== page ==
Campaigns such as #timetochange have tried to challenge socio cultural perceptions of those in mental distress by explicitly using social media to encourage people to share their stories. They have worked with former Labour press aide Alistair Campbell to lend profile to their campaign. Indeed Campbell was vocal in condemning the Sun headline this week. Despite new innovative campaigns and a greater willingness for celebrities to discuss their own mental health problems can we say much has changed? The Sun article marked a return to the mid -1990s where stories of ‘mad psychos’ were rampant. Research conducted in the wake of the move from institutionalised care towards ‘care in the community’ showed that media coverage played a significant role in fuelling public prejudice and stigma. The Glasgow Media Group conducted the first systematic study of mental health in the mass media. The most striking finding was the high prevalence of media stories in which those referenced as being ‘mentally ill’ were associated with ‘violence to others’. Stories typically included reports of attacks on strangers in which the protagonist was labelled ‘maniac’, ‘madman’ and ‘psycho’. A more recent study by the same group highlighted that 45% of stories involving fictional characters with mental illness linked them with violence or harm to others.
The Sun article comes at a time when the UK press has never been under greater pressure to self-regulate and to examine their ethics in news gathering practices. It is also a time when sections of the UK media have been seen to drive a ‘benefits scrounger’ agenda and to fuel discrimination against those who are in fact already marginalised. Many are dissuaded from claiming support to which they are entitled for fear of being branded ‘scrounger’. The success of challenging stigmatising reporting lies partly in shifting perceptions that those in mental distress (and who may also rightly be in receipt of benefits) are ‘them’ and those in mental health are ‘us’.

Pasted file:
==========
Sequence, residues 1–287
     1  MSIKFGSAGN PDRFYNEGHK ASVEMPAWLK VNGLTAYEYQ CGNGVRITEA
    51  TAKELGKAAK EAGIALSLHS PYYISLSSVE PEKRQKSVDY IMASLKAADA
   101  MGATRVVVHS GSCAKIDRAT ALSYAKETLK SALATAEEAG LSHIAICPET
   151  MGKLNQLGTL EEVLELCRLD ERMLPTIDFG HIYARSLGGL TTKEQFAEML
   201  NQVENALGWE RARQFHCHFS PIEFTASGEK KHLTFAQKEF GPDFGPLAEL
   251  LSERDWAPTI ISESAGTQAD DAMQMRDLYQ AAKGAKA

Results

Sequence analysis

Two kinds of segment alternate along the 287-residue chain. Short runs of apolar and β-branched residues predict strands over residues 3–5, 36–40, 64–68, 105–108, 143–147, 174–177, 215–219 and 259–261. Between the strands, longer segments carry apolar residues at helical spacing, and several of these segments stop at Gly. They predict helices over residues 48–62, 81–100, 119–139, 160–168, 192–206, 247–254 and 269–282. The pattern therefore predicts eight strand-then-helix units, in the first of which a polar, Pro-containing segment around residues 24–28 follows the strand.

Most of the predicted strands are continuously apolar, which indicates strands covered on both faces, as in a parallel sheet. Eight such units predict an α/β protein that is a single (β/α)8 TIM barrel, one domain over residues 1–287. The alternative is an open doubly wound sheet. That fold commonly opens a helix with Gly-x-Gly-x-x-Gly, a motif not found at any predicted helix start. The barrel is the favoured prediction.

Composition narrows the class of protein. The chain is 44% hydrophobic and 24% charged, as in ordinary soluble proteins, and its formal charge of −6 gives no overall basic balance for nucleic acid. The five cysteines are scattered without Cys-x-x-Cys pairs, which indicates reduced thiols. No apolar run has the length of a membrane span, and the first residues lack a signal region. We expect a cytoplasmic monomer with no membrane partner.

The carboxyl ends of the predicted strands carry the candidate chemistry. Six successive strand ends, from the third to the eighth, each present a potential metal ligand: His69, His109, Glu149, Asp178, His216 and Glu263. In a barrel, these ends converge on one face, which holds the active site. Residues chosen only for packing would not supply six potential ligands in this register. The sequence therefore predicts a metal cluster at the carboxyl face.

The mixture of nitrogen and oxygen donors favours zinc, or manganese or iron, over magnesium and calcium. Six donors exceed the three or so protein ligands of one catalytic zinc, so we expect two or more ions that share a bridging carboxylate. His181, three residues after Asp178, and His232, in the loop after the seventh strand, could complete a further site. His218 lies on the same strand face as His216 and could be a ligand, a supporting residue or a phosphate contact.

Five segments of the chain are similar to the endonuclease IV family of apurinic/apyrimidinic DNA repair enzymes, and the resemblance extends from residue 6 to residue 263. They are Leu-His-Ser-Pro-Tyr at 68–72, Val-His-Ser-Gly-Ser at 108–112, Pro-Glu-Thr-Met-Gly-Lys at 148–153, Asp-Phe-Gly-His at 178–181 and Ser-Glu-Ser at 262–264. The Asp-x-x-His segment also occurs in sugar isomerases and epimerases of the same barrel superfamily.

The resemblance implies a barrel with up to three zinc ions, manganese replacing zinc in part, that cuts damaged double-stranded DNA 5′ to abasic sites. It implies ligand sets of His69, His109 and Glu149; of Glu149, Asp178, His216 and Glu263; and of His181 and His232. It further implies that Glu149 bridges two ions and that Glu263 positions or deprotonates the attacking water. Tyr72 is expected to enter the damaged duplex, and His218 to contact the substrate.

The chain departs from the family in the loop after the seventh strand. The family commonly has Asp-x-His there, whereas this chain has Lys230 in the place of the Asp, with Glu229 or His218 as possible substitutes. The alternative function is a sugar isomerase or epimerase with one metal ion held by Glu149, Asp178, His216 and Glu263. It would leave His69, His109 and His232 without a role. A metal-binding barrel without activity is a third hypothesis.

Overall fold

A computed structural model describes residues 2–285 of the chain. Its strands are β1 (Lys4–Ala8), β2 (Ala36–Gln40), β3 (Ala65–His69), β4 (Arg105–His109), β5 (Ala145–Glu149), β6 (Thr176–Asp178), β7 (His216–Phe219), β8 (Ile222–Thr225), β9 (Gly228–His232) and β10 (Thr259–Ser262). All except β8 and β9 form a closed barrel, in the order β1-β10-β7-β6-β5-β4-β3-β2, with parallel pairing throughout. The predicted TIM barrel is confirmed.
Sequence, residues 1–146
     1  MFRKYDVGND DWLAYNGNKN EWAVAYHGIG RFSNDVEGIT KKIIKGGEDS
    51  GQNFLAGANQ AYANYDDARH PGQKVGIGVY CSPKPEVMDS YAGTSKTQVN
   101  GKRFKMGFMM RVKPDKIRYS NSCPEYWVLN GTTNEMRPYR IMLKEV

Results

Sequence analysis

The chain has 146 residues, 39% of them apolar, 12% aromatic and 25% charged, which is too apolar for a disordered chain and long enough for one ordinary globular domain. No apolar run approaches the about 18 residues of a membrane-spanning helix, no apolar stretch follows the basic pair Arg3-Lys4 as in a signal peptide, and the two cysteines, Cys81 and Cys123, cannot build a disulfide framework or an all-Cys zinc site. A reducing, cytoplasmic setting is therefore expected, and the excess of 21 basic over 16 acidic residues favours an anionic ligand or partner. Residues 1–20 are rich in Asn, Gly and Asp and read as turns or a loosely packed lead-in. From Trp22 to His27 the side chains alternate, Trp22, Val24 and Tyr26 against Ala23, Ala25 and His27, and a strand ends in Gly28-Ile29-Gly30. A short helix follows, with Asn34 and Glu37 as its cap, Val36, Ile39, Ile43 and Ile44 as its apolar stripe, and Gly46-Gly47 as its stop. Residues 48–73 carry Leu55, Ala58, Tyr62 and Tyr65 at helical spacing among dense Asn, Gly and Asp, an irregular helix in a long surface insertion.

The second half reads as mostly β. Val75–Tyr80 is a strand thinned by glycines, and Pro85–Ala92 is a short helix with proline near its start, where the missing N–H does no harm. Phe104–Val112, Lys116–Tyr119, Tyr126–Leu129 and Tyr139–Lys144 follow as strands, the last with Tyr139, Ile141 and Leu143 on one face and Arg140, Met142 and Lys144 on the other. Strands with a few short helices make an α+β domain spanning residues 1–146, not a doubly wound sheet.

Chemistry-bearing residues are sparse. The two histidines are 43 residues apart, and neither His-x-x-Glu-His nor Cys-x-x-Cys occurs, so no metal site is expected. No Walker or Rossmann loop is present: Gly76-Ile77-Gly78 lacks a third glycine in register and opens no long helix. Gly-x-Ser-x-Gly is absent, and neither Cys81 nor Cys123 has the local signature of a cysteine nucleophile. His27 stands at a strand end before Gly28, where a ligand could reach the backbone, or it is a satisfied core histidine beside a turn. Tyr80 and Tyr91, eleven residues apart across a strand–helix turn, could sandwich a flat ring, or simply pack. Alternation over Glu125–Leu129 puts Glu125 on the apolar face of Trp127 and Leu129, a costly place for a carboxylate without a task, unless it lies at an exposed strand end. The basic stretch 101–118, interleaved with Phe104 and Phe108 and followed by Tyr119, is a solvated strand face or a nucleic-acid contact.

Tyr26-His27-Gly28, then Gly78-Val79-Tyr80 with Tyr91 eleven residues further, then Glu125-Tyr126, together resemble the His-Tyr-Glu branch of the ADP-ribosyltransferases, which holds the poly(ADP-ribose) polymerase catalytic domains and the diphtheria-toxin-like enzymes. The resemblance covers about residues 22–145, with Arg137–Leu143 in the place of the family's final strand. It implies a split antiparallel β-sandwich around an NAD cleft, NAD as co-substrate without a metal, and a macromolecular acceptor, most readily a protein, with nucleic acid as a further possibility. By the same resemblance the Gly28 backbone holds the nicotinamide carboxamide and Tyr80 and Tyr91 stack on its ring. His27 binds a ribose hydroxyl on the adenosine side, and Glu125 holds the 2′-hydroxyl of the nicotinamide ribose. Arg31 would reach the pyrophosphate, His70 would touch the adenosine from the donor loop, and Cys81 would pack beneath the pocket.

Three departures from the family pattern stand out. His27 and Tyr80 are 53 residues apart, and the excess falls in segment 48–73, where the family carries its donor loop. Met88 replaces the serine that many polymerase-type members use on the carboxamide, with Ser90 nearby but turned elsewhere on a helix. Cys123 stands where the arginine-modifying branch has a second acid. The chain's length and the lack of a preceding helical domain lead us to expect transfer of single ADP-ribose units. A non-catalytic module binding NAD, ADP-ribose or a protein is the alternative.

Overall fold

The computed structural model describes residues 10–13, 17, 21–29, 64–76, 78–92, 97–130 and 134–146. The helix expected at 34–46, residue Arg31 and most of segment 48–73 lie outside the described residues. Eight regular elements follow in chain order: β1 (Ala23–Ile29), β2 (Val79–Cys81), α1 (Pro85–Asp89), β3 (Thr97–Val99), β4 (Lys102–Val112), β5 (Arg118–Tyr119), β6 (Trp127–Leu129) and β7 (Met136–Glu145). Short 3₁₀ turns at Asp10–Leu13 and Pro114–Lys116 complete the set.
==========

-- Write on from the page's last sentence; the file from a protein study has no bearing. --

Graham Thornicroft says, “Our popular images of madness are both long-standing and remarkably stable. One of the best established patterns is to refer to people with mental illnesses as the ‘polar opposites of us”. Much has been done in terms of challenging old stereotypes concerning mental distress but just one high profile headline can undermine these efforts. In the current climate of austerity it is likely that many vulnerable groups will be targeted and scape -goated by parts of the media, from benefits claimants to migrants to those in mental distress. Despite the perception that we live in an enlightened culture when it comes to ‘minority’ groups in our society we must face the reality that the vulnerable have never been more easily targeted.